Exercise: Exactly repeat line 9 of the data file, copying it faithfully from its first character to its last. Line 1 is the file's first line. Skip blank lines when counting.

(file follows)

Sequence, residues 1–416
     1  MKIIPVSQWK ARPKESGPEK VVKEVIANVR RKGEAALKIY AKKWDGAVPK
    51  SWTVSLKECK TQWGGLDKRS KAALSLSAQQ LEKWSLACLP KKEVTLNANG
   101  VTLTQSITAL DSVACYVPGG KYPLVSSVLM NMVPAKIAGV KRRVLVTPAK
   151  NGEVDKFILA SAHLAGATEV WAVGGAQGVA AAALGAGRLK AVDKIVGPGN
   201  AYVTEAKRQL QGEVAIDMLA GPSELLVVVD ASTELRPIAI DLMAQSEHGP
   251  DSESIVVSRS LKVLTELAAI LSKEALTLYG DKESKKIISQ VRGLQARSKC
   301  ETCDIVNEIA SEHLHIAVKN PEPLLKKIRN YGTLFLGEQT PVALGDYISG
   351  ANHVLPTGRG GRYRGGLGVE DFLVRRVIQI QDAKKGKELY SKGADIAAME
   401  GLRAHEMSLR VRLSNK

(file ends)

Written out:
   351  ANHVLPTGRG GRYRGGLGVE DFLVRRVIQI QDAKKGKELY SKGADIAAME